Dell and Sony knew about battery problems nearly a year ago, waited for catastrophic failures

“Dell and Sony knew about and discussed manufacturing problems with Sony-made Lithium-Ion batteries as long as ten months ago, but held off on issuing a recall until those flaws were clearly linked to catastrophic failures causing those batteries to catch fire, a Sony Electronics spokesman said,” Paul F. Roberts reports for InfoWorld.

“Spokesman Rick Clancy said the companies had conversations in October 2005 and again in February 2006. Discussions were about the problem of small metal particles that had contaminated Lithium-Ion battery cells manufactured by Sony, causing batteries to fail and, in some cases, overheat,” Roberts reports.

Roberts reports, “Sony declined to characterize the discussions between the companies that took place in October, 2005, and then again in February, except to say that they were ‘specific to particular cells of batteries in battery packs used in Dell notebooks,’ Clancy said.”

“The CPSC is in ongoing talks with Sony about its notebook batteries beyond its order with Dell, said Wolfson,” Roberts reports. “He declined to say which laptop makers the company was working with, or to say whether it would do a broader recall of any Sony batteries with the metal particle contamination problem.”

Full article here.

Funny editorial cartoon here.

[Thanks to MacDailyNews Reader “Whit” for the heads up.]

Related MacDailyNews articles:
WSJ: Dell’s back-to-school business may be at risk – August 17, 2006
Sony says fire-prone batteries ‘believed to be specific to batteries supplied to Dell’ – August 16, 2006
PC box assemblers say battery problems limited to Dell; Apple still investigating – August 16, 2006
Dell issues largest safety recall in history: 4.1 million laptop batteries due to fire threat – August 14, 2006
a href=””>Another Dell laptop goes up in flames – July 28, 2006
Dell laptop fires may have been downplayed – July 22, 2006
Dell warns of earnings miss; shares plunge 15% – July 21, 2006
NY Times: Dell’s exploding laptop and other image problems – July 10, 2006
Survey shows big jump in consumer interest in buying Apple Mac; Dell takes steep slide – July 06, 2006
Dell laptop explodes into flames at Japanese conference – June 21, 2006
Time Magazine on Apple’s 13-inch MacBook: ‘Dell and HP should be very worried’ – June 07, 2006


  1. Careful about pouncing on Dell and Sony for ‘knowingly’ withholding information about inferior components in their products – Apple does the same thing ALL THE TIME as in knowingly marketing products containing inferior and immediately obsolete components to get willing consumers to buy their stuff twice – once when they are in hurry to get their hands on the ‘newest’ version of their hardware and again when it’s replaced by the ‘faster and better’ version 2 that was held back to scarf up on the over-anxious dummies who Apple loves to take advantage of all the time.

    Proof: ‘new’ Intel chips, ‘faster’ processors, ‘hotter’ graphics cards, ‘blazing’ memory, etc., etc., etc., now getting ready to launch across the board in all the new Apple hardware. Everything you bought in ’06 will be old technology by Christmas.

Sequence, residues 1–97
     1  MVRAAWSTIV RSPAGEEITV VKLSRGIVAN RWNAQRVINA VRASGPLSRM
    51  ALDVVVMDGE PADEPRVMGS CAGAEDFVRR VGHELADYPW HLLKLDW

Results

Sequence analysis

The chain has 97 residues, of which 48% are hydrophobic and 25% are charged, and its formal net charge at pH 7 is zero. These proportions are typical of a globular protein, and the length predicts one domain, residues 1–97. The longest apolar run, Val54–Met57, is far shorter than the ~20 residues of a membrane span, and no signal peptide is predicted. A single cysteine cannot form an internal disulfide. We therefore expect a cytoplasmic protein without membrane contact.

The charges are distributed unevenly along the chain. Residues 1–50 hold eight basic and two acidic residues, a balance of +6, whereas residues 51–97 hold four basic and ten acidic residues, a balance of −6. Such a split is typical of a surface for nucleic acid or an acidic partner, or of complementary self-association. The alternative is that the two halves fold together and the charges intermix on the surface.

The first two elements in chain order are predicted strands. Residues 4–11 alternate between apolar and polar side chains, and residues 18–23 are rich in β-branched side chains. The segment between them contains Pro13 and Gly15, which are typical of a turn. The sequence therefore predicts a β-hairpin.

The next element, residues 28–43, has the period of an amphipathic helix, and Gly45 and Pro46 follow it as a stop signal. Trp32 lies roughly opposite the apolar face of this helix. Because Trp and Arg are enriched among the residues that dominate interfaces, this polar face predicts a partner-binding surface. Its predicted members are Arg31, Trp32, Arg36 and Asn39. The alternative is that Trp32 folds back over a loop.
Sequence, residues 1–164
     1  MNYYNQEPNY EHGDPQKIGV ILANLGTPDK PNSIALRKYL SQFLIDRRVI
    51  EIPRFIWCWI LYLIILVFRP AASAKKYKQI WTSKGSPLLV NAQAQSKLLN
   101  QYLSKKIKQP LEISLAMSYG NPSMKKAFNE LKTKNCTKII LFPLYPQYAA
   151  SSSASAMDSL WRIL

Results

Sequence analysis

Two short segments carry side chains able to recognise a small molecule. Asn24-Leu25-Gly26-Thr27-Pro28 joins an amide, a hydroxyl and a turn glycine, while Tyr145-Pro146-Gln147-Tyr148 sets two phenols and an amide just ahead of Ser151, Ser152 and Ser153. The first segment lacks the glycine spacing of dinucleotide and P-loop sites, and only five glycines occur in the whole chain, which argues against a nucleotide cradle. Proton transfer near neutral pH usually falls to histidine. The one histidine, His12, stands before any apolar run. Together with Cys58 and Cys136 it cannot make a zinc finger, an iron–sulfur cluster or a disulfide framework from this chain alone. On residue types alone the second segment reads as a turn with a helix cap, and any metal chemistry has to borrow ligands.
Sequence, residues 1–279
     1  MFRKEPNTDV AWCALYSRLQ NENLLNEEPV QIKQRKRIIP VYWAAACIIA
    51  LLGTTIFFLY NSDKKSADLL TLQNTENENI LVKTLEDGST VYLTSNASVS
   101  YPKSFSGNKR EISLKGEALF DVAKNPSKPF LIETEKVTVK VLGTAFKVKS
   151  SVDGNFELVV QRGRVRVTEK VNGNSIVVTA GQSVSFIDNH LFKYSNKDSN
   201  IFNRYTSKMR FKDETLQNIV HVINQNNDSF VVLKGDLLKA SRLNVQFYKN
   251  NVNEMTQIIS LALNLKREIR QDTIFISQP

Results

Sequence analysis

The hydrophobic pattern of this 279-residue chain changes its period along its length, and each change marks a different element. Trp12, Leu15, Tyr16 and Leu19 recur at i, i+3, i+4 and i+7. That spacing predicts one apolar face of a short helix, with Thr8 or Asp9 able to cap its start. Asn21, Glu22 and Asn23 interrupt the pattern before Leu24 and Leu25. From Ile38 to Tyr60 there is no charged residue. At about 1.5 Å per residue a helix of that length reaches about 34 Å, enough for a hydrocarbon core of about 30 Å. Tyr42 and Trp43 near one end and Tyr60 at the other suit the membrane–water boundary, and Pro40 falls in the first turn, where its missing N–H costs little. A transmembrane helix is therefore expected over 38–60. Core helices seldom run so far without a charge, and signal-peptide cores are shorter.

You can make them stop this vile practice by keeping your plastic in your pocket.

  2. MDN – It would be irresponsible for Sony/Dell to issue a recall without being certain that the batteries were in fact linked to the “catastrophic failures”.

    Pete Peterson – does the “vile practice” modifier apply to selling technology when it is available or to selling better technology when that is avaialble?

    When I buy a house, I don’t blame the realtor when six months later a nicer house down the street goes on the market, even when it costs the same as my house. That is the nature of the market. “These are the goods available for sale today at this price.” How can you take issue with that?

  3. tt…how about this?

    There once was a company named Dell,
    As with Sony their sales did swell.
    It wasn’t their desire
    That the batteries caught fire,
    And their credibility shot all to hell.

  4. Now what’s the difference is how Apple and Dell addressed this problem?

    1: Apple: Issues recall early before it becomes a widespread problem. Sends emails and letters to customers to arrange for exchange. Sends a pre-paid shipping box.

    2: Dell: Totally ignores issue hoping to get away with it or reduce the recalled units. Finally motivated by a rather nasty public incident which was just by chance caught on tape and shown to millions online. Forced to issue 4.1 million unit recall or face numerous lawsuits.

    All products have defects, it’s how a company handles the problem is what determines which is better.

  5. How does selling technology when you know something better is coming down the line equate to selling technology that you know is flawed?
    Every technology company (and indeed customer) in the world knows that technology becomes “obsolete” quickly. If Pete Peterson had his way then no company would ever release anything for sale because they would know that at some point they’ll be able to sell something better.

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